Shushanna Cherian-Brutus has spent 12 years of her career in the aerospace and defense industry where she held increasing levels of responsibility in engineering and management. Presently, Shushanna is a Senior Program Manager and Staff Manager at GE Aviation, NY where she is responsible for managing the overall health and performance of military defense programs, functioning on behalf of the business as the liaison between customers and leading the Spares Organization. In 2016, Shushanna was the Engineering Investigation Lead at GE Aviation, NY, focused on resolving business and customer critical product investigations which required technical leadership and cross-functional team management. Between 2013 and 2016, Shushanna held roles in the Mechanical Engineering department at GE Aviation, NY. She performed design, analysis and led development programs for defense contracting and independent research. During this time, Shushanna also co-invented 4 patents on advanced cooling techniques for contemporary high-power dissipating electronics. Earlier in Shushanna’s career, from 2007 to 2013, she worked as a mechanical designer and consultant at AmpliTech Inc., a radio frequency component design and manufacturing company for Commercial, SATCOM, Space, and Military markets.

Shushanna earned her master’s and bachelor’s degrees in Mechanical Engineering with a minor in Electrical Engineering from Stony Brook University. During her academic career, she had the opportunity to conduct research on the Biofuels Analysis Testing Characterization and Homologation Platform (BATCH) and the Series-hybrid Energy Education Development Platform (SEED) at Stony Brook University. In addition, Shushanna holds a CAD drafting certification, Project Management Professional (PMP) certification and is a recent graduate from the GE RISE Leadership Program.

Jeanna N. Matthews

Jeanna N. Matthews is an associate professor of Computer Science at Clarkson University (Potsdam, New York). She is currently a member of the Executive Committee of US-ACM, the U.S. Public Policy Committee of ACM. She is the co-chair of US-ACM’s subcommittee of Algorithmic Transparency and Accountability. She was the chair of the ACM Special Interest Group on Operating Systems (SIGOPS) from 2011 to 2015 and is currently on the ACM Council. She is a 2017-18 Fellow at Data and Society in Manhattan. She has written several popular books including “Running Xen: A Hands-On Guide to the Art of Virtualization” and “Computer Networking: Internet Protocols in Action”. Her research interests include virtualization, cloud computing, computer security, computer networks and operating systems. At Clarkson, she leads several hands-on computing laboratories including the Clarkson Open Source Institute and Clarkson Internet Teaching Laboratory. Students in these labs and in her classes at Clarkson and Cornell have been winners in a number of prestigious computing contests including the 2001, 2002, and 2004 IBM Linux Challenge, the 2005 IBM North American Grid Scholar’s Challenge, the 2005 Unisys Tuxmaster competition, and the 2006 VMware Ultimate Virtual Appliance Challenge. She has worked actively on industrial projects with companies including VMware, Intel, IBM, AMD, HP and Greenplum/EMC. Jeanna received her Ph.D. in Computer Science from the University of California at Berkeley in 1999 and her B.S. in Mathematics and Computer Science from Ohio State University in 1994.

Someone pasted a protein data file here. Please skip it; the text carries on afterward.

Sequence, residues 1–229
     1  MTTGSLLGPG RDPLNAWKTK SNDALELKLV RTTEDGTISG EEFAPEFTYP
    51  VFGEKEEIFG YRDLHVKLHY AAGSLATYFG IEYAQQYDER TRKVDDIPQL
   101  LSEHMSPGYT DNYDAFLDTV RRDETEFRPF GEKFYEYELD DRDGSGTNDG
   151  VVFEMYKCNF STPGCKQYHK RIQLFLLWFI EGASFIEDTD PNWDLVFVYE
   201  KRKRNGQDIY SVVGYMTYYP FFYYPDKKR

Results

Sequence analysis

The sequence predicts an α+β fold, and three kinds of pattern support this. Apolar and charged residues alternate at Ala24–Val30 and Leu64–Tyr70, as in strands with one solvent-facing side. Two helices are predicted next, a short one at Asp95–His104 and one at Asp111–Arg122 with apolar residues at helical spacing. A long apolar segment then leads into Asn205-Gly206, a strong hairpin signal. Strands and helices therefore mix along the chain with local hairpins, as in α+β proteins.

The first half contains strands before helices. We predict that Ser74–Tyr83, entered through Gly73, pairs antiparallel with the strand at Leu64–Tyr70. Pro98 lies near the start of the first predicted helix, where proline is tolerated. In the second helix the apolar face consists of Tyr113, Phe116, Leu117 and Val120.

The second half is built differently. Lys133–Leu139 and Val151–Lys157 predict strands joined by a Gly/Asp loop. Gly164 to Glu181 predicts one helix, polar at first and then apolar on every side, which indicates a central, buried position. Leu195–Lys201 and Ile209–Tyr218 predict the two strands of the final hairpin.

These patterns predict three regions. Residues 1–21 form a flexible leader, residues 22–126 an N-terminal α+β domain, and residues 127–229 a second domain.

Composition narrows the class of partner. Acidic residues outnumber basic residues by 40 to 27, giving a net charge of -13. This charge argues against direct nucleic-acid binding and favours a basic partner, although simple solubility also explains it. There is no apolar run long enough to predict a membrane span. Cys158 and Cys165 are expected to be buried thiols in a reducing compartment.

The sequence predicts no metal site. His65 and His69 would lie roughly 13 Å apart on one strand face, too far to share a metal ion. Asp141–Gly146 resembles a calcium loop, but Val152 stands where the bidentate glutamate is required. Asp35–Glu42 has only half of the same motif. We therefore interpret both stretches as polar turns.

Hannah Meyer

Dr. Hannah Meyer is a Fellow and Principal Investigator at the Simons Center for Quantitative Biology at Cold Spring Harbor Laboratory. Her lab studies how the immune system distinguishes between self and non-self to effectively fight infection and prevent autoimmune diseases.

Hannah originally trained in molecular biology at Heidelberg University, Germany. After completing her undergraduate thesis in neurobiology, she explored many areas of science including work in a biotech start-up to develop novel ELISA kits. It was not until her master’s project that she discovered what fascinated her most in science: immunology and computational biology. It convinced her to seek out the graduate program at the European Bioinformatics program (EMBL-EBI/University of Cambridge) where she got deeply immersed in computational biology and bioinformatics. Without formal training in statistics or programming,  she spent her graduate studies developing computational methods for quantitative genetics. In March 2019, Cold Spring Harbor Laboratory offered her a faculty position as a Cold Spring Harbor Laboratory Fellow directly following her Ph.D. studies. The skills sets she acquired during her training facilitate the diverse and multidisciplinary research program of her lab.

One of her most formative research experiences was the annual, international student competition in synthetic biology (iGEM; hosted at MIT, Boston) which she first took part in as a student (2009) and later as a supervisor (2013). Both times, she and her team set out to explore and introduce new concepts to the synthetic biology community.  They ranked second and first in the overall competition (2009/2013 respectively) and were awarded a number of prizes, including a foundational advance prize that recognizes novel solutions to core technical problems.


For further information, please contact:

Adelphi ACM-W Student Chapter
e – acmw@adelphi.edu